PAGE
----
Upstream, Systems-Based Solutions to the Oral Health Epidemic
At the turn of this century, then Surgeon General Dr. David Satcher put out the first Surgeons’ General Report on oral health and declared that poor oral health was a “silent” epidemic that impacted much of the United States. That declaration was a pivotal moment that increased salience and spurred action around the issue. Nearly two decades later, however, the epidemic persists, albeit with less silence. Caries continue to be the most common chronic childhood disease and periodontal (gum) disease continues to impact many adults and has been associated with numerous general health problems.
The report also increased awareness that these conditions impacted segments of the population disproportionately and that disparities in oral health status was a social justice issue. To improve health equity and to live up to our ideal of justice in the United States, funders have recognized that different populations require different solutions-- there is no magic bullet or one-size-fits-all approach. Philanthropies, particularly in the health space, are faced with the challenge of balancing the need to respond to urgent, community needs that can be addressed by more programmatic initiatives, and taking an upstream systems-change approach that often requires more time and resources, and with results that are not immediately apparent, but foster long-term improvements. Above all, it is important to distinguish that in a just and fair society, funded solutions should support a system that allows people to access quality health care when and where they need it and be empowered to support an environment that sustains health.
In 2000, the Oral Health Foundation began as a local funder, investing in programmatic grants in Massachusetts. These grants aimed to increase access to care and providers, and focused on improving oral health by increasing safety net clinical capacity and building and equipping new brick-and-mortar clinics and mobile dental programs. It soon became clear that the underlying weaknesses of the oral health care system precluded sustainable improvement of oral health inequities unless we focused our strategy more upstream. In 2008, the foundation’s name was changed to the DentaQuest Foundation, and we adopted a framework to impact the systems of policy, financing, care, and community. The DentaQuest Foundation has been directing its funding to upstream, systems-based solutions to the oral health epidemic for the past decade.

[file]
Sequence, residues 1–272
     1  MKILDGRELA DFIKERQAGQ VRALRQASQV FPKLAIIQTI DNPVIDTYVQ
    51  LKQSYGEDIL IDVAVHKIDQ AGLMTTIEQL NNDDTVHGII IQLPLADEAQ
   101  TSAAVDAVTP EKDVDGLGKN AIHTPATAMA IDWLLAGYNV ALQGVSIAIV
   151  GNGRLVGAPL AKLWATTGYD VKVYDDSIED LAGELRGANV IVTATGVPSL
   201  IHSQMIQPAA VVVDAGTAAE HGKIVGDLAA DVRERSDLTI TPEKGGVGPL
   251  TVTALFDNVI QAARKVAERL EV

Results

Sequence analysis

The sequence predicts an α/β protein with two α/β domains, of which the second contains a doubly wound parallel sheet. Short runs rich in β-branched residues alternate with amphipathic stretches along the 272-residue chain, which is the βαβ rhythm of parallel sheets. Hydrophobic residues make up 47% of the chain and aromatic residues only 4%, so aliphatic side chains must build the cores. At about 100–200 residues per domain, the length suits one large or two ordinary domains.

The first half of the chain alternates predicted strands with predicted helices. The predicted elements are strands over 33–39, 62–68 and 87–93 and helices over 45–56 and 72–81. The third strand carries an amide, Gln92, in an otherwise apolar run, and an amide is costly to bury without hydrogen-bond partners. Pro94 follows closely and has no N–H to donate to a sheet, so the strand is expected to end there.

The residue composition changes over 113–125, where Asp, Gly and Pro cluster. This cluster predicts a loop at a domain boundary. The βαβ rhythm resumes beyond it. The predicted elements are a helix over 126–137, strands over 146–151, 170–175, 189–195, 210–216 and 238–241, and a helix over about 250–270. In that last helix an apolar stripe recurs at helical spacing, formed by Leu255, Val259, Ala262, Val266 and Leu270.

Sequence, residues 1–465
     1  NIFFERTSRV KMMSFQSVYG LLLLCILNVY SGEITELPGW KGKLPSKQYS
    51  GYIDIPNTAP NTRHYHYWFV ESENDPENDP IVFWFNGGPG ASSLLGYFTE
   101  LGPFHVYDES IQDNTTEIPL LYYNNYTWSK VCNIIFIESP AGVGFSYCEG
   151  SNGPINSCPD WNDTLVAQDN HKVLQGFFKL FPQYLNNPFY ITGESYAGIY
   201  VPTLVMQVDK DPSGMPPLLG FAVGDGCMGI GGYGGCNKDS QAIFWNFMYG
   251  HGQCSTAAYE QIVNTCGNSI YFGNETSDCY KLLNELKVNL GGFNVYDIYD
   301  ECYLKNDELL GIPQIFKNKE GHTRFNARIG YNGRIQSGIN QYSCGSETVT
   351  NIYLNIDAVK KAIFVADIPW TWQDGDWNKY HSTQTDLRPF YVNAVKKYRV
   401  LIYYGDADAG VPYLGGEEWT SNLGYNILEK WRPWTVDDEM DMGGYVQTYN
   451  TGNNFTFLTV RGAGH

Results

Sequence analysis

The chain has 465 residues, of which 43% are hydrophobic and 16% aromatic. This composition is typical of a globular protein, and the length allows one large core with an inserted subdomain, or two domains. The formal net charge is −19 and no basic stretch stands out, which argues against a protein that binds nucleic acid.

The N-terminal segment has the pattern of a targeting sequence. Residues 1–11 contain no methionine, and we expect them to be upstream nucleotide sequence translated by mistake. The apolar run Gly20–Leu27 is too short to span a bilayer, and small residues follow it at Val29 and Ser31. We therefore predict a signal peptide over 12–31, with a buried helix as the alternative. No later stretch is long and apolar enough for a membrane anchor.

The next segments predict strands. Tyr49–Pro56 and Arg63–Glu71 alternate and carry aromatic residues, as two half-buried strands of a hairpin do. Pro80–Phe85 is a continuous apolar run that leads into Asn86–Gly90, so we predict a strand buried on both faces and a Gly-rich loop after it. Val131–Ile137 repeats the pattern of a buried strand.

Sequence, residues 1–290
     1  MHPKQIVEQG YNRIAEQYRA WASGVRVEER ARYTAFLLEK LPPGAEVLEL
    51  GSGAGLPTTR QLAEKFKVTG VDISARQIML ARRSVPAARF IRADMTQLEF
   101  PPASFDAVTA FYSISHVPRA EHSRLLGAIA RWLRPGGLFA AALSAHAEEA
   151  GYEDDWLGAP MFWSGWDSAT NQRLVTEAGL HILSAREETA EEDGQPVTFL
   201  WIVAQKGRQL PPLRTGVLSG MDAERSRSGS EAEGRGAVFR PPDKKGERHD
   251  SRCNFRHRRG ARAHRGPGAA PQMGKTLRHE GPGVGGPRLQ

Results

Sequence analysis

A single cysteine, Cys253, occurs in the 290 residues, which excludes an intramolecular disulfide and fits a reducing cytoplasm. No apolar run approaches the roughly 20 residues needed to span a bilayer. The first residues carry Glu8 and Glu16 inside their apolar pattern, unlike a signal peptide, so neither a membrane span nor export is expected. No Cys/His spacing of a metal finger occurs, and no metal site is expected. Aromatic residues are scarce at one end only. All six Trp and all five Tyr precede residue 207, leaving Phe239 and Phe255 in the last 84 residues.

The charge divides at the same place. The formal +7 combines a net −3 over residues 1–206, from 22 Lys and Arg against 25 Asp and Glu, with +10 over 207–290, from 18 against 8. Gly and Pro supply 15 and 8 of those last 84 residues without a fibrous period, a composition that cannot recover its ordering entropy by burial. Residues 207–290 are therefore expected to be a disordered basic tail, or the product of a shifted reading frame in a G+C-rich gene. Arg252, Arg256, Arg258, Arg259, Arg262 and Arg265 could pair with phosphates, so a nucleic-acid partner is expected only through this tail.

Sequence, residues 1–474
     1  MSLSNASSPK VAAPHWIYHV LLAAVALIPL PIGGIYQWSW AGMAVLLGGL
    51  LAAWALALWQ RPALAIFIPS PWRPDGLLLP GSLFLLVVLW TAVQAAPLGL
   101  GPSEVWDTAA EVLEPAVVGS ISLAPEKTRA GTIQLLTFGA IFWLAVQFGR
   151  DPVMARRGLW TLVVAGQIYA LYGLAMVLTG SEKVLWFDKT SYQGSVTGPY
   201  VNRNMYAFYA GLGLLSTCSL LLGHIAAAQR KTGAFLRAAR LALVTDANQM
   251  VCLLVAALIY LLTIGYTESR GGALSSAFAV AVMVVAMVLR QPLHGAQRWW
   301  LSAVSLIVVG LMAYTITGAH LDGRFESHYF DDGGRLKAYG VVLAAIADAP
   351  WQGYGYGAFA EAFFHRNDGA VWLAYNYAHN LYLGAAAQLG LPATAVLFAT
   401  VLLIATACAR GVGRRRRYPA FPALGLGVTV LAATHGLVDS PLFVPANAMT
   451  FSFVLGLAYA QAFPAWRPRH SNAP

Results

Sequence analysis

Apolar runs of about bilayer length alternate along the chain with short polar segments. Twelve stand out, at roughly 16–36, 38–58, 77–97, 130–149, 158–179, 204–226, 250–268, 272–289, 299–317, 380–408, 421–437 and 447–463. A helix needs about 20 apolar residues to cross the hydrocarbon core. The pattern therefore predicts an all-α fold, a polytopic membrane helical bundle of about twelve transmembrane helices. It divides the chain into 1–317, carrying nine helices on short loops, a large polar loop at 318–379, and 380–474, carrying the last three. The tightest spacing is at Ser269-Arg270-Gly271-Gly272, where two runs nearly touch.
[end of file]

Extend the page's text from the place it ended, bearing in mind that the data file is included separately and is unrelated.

The Ideal States of the Four Systems Impacting Oral Health - Policy, Financing, Care, and Community
This framework shifted our funding approach and pointed to a new strategy to support systemic improvements. The idea of forming an oral health network emerged, beginning with state-based coalitions and oral health experts (grassmiddles), expanding to national partnerships (grasstops), and community-based organizations (grassroots). By investing in the Oral Health 2020 network, we have connected advocates in states and local communities from across the country, all of whom are aligned around a set of common goals and are committed to addressing oral health with an approach that prioritizes equity. We are funding work that will create long-lasting, significant changes that improve oral health; set a precedent for a healthier population; and change the expectation of what it means to be healthy. The Oral Health 2020 network now counts more than 1,000 stakeholders in its ranks and is growing. It is a national network, with representation from individuals in all 50 states, and a membership community that includes professional associations, providers, state coalitions, policymakers, community activists, and more. Since its inception, the network has contributed to significant policy and systems changes, including: